The entire ensemble was in the green room but, to our surprise, they quickly emerged again playing the same New Orleans Jazz piece that they played during their exit. They paraded past us and onto the stage where they, once again, circled the staged in New Orleans style fashion to the thrill of the audience. Our “lady in white” took Matt as “her guest” onto the edge of the stage where he could take in the remainder of the performance. The musicians then marched past us and back into the small staging area. Wynton and the group then formed a circle in the staging area as they finished playing. It appeared to be a small respite, a time of recharging, and a time for them to enjoy the music they created. It was obviously a time for them alone without the presence of an audience. When they finished, another cheer went up from the crowd that was left in the auditorium. At this point, the ensemble went back into the green room.

    We were the only ones left in the staging area. Again, our lady in white came to our rescue saying “You can go ahead into the green room – Wynton is over in the corner talking to some other people.” We did so and watched as each had a brief conversation with him. Wynton also graciously autographing an album (yes, an LP!). Finally, the last young lady who we discovered later was from Ecuador, talked briefly to Wynton and asked if he would sign the only thing she had – her passport. He hesitated and then asked “This won’t cause you any problem by having me sign it, will it?”, a very thoughtful question for him to ask. Finally, it was Matt’s turn to talk to Wynton Marsalis.

    As he walked up, Wynton looked at him, pointed a finger and said “Let me guess, YOU are a trumpet player – am I right?” To which Matt replied “Yes sir, I am”. The next few seconds were magical for Matt, his mother and I. Wynton grabbed Matt and gave him a big hug! Amazing. The two proceeded to talk and we could hear Matt very quietly tell Wynton, “You are the reason I keep playing. Every time I pick up my horns, I try to sound like you.” Wynton responded graciously and then turned Matt around so I could take his picture with him.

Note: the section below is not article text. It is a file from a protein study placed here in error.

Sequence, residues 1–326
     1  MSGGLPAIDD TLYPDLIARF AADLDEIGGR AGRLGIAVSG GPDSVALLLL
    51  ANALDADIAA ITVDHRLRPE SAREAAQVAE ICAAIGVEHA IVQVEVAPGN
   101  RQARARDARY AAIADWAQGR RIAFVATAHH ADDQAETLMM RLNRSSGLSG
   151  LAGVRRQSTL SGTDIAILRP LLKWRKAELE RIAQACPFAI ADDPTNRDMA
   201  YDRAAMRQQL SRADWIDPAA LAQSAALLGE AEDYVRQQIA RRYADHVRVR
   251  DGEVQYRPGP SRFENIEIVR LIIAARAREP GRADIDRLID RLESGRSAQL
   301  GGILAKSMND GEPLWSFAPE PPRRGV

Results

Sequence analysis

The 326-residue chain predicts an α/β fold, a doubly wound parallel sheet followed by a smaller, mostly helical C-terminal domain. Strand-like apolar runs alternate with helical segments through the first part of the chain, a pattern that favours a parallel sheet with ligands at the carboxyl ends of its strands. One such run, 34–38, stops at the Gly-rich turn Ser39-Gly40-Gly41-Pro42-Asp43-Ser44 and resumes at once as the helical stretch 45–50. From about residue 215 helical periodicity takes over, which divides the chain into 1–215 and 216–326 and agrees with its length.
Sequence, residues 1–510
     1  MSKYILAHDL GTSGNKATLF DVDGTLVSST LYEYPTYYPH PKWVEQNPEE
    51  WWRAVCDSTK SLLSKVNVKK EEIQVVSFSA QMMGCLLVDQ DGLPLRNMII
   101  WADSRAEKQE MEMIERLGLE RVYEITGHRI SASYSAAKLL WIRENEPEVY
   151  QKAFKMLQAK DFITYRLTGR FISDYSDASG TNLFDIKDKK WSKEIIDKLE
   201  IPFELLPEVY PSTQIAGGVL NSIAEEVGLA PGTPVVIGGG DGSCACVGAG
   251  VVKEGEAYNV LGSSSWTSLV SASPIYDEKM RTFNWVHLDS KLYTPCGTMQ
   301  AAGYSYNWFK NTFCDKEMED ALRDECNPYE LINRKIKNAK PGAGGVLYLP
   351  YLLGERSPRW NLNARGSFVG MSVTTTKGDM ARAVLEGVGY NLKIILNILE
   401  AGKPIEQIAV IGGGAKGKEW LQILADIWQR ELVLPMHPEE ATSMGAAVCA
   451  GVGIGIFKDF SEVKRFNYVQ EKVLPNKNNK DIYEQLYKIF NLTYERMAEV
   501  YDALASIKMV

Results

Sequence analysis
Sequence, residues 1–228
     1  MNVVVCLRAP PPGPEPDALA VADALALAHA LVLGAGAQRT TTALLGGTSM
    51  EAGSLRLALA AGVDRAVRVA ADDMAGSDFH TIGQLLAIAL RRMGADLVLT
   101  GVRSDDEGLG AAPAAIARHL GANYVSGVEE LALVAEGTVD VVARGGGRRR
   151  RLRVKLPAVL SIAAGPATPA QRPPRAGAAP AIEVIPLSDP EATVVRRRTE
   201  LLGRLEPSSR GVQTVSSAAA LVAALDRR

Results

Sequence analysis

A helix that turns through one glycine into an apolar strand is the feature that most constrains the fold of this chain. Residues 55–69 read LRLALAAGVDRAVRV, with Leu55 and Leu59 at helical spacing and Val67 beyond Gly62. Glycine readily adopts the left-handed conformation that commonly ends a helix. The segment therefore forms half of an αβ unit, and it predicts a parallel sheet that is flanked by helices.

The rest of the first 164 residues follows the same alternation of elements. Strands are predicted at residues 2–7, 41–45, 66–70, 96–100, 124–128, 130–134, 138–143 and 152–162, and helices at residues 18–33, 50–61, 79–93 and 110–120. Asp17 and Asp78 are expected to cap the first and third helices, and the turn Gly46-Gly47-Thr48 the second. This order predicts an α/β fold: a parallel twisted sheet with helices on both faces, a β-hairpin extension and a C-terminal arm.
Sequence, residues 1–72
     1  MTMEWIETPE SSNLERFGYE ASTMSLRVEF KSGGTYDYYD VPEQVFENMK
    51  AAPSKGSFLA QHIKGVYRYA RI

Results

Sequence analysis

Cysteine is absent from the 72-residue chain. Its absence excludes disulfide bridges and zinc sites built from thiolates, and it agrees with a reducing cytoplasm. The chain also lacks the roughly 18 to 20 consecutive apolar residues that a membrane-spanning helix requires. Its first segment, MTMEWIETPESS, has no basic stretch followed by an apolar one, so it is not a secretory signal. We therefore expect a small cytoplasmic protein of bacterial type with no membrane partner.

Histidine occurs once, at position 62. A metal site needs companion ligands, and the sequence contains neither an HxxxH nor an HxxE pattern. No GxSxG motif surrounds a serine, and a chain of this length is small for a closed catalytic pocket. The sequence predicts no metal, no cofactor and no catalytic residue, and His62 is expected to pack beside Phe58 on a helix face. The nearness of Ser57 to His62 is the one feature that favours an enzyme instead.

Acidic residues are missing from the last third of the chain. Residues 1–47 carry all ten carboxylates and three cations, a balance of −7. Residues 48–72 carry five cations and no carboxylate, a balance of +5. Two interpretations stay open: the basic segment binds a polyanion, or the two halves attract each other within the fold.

I was touched by the utter humility, honesty and genuine openness that Wynton displayed with those brief comments. Here we were, standing before one of the greatest performers of all times and HE was humbled by Matt’s comments. We spent another few moments with him and then it was over, as quickly as it had begun and we walked back to our car for the long drive home. However, Matt wasn’t walking – he was floating.

    In this day of all-too-frequent egocentrism and superiority that we often see displayed by “famous people’, what a breath of fresh air is Wynton Marsalis! He is truly someone that we have to look up to, admire, and put on a pedestal. Better yet, we know that we won’t ever be disappointed that we did. Well, as for Matt, my wife and I, he’s now at the top of our list. – THANKS Wynton for being the class act that you are.

    Robert W. Manning on Jun 27th, 2007 at 6:33am